# Introduction to Decision Theory

Decision Theory: Dealing with choice among actions based on the desirability of their immediate outcomes; environment is thus episodic.

$$P(RESULT(a) = s'|\,a,e)$$
RESULT(a): random variable whose values are possible outcome states, given action a.
Probability of outcome s’, given evidence observations e.

$$EU(a|e) = \sum\limits_{s'} P(RESULT(a) = s'|\,a,e)U(s')$$
U(s): Utility function, a single number that expresses desirability of a state.
Average utility value of the outcomes, weighted by probability of outcome occuring.

$$action = \textrm{argmax}\: EU(a|e)$$
Maximum Expected Utility (MEU): Rational agent should choose the action that maximizes agent’s expected utility.

“If an agent acts so as to maximize a utility function that correctly reflects the performance measure, then the agent will achieve the highest possible performance score (averaged over all the possible environments.)”

# Utility Theory

## Constraints on Rational Preferences

Notation

• $$A \succ B$$ the agent prefers A over B

• $$A \sim B$$ the agent is indifferent between A and B

• $$A \succeq B$$ the agent prefers A over B or is indifferent between them.

A and B are not states, but a set out outcomes for each action–a lottery. A lottery $$L$$ with possible outcomes $$S_1,...,S_n$$ that occurs with probabilities $$p_1,...,p_n$$: $$L = [p_1,S_1;\,p_2, S_2;\, ... p_n, S_n].$$
Each outcome $$S_i$$ of a lottery can be either an atomic state or another lottery.
Preferences relations must require six constraints:

1. Orderability: Given any two lotteries, a rational agent must either prefer one to the other or rate them as equally preferable.
Exactly one of $$A \succ B$$, $$A \sim B$$, $$B \succ A$$

2. Transitivity: Given any three lotteries, if an agent prefers A to B and prefers B to C, then the agent must prefer A to C

3. Continuity: If some lottery B is between A and C in preference, then there is some probability p for which the rational agent will be indifferent between getting B for sure and the lottery that yields A with probability p and C with probability 1-p.

4. Substitutability: If an agent is indifferent between two lotteries A and B, then the agent is indifferent between two more complex lotteries that are the same except B is substitued for A in one of them. (This holds regardsless of the probabilities and the other outcome(s) in the lotteries.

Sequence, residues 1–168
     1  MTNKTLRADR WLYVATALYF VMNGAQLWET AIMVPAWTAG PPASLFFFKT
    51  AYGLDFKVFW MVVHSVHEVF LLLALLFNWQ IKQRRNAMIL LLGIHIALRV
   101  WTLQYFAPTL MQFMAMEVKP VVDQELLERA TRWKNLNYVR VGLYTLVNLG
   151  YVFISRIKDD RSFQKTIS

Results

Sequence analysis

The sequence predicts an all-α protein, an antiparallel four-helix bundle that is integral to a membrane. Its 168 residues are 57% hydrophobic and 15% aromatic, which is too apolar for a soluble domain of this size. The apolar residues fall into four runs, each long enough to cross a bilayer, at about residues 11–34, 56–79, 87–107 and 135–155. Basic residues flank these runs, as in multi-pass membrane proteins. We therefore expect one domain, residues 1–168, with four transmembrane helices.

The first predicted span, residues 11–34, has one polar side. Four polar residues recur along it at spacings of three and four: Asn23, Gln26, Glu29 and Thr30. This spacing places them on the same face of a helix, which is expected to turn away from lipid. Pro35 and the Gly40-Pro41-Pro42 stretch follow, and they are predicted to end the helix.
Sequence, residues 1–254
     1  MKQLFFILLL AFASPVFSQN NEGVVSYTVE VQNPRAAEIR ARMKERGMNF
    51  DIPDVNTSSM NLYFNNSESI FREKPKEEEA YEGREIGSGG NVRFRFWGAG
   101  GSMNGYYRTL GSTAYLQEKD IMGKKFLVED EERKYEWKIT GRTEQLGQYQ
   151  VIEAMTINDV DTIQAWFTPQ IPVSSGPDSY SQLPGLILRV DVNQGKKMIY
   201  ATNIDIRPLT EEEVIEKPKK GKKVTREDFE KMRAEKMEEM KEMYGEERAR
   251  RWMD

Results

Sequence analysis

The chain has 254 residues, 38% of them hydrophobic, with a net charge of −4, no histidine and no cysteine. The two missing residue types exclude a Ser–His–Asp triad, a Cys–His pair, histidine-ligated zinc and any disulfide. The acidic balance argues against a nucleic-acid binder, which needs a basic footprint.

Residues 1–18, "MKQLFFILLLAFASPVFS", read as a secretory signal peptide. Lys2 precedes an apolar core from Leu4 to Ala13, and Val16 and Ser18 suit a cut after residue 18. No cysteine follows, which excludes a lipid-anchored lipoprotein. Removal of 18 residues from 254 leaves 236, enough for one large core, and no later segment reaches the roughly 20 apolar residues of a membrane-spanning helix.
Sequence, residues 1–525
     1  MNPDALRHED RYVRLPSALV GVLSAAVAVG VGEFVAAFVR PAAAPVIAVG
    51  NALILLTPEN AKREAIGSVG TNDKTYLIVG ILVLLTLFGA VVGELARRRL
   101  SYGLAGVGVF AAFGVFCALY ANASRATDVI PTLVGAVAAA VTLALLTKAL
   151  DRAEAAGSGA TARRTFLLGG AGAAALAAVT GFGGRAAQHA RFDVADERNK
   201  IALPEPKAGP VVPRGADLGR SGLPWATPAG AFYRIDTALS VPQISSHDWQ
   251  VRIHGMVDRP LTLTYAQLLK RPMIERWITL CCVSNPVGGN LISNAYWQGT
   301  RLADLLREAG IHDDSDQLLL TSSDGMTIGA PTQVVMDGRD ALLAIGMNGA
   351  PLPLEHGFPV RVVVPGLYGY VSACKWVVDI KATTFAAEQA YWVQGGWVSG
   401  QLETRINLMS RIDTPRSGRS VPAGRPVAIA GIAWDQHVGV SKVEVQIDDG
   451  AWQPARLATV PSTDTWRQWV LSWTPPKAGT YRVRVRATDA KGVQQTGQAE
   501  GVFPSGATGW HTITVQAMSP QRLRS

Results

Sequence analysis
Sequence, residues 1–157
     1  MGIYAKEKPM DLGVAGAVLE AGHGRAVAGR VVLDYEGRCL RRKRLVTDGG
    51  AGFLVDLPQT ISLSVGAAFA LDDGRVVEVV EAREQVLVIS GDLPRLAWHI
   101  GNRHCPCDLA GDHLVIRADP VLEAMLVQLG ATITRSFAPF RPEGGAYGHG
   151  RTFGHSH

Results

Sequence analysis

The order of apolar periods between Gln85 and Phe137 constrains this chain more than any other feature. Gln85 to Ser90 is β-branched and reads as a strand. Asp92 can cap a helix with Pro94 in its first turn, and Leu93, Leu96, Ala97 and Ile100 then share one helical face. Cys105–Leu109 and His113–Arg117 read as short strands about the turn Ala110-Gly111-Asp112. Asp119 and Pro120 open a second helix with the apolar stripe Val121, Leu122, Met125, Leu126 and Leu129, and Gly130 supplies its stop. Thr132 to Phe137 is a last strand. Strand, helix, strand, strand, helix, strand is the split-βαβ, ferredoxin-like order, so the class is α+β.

5. Monotinicity: Suppose two lotteries have the same two possible outcomes, A and B. If an agent prefers A to B, then the agent must prefer the loterry that has a higher probability for A (and vice versa)

6. Decomposability: Compound lotteries can be reduced to simpler ones using the laws of probability. “No fun in gambling” rule: two consecutive lotteries can be compressed into a single equivalent lottery.
$$[p,A;\,1-p,[q,B;\,1-q,C]]\,\sim\,[p,A;\,(1-p)q,B;\,(1-p)(1-q),C].$$

• Existence of a Utility Function: If an agent’s preferences obey the axioms of utility; then there exists a function $$U$$ such that $$U(A) > U(B)$$ if and only if A is preferred to B and U(A) = U(B) if and only iff the agent is indifferent between A and B.
$$U(A) > U(B) \Leftrightarrow A \succ B$$
$$U(A) = U(B) \Leftrightarrow A \sim B$$

• Expected Utility of a Lottery: The utility of a lottery is the sum of the probability of each outcome times the utility of that outcome.
$$U([p_1, S_1;...;p_n,S_n]) = \sum\limits_{i} p_iU(S_i).$$

# Utility Functions

A utility is a function that maps from lotteries to real numbers.
An agent can have any preferences that it wants; Preferences themselves cannot be irrational.

## Utility assessment and utility scales

• Pereference Elicitation: Process that involves presenting chocies to the agent and using the observed preferences to pin down the underlying utility function

• Normalized Utility: Establish a “best” utility and a “worst” utility. Normalized Utility use a scale with Worst = 0 and Best = 1.

• Use a Standard Lottery $$[p, util_{min};\,(1-p),util_{max}]$$ to assess utility of any paticular prize $$S$$. $$p$$ is adjusted until the agent is indifferent between $$S$$ and the standard lottery. Utility of $$S$$ is given by $$p$$.

## The utility of money

• Agents have a $$\textbf{monotonic preference}$$ for more money. In other words, agents prefer more money to less.

• ex. Given choice between $1,000,0000 or gamble a coin flip for$2,500,000

• Expected Monetary Value: 1/2*($0) + 1/2($2,500,000) = $1,250,000 • To correctly make a decision, we must calculate the expected utilities of the two actions of accepting and declining the gamble. $$S_n$$: state of possessing total wealth $$n$$. current wealth is$k.

• EU(Accept) = $$1/2*U(S_k) + 1/2*U(S_{k+2,500,000})$$

• EU(Decline) = $$U(S_{k+1,000,000})$$

• Utility is not directly proportional to monetary value: for example the first million is worth more than the rest. Grayson (1960) found that the utility of money was close to the logarithm of the amount.

• Risk Averse: Agents that prefer a sure thing that is less than the expected value

• Risk Seeking: Agents that prefer to gamble for the expected value

• Risk Neutral: Agent that has a linear curve

• Certainty Equivalent: Value an agent will accept in lieu of a lottery.

• Insurance Premium: Difference between the Expected Monetary Value (EMV) and the certainty equivalent.

• Error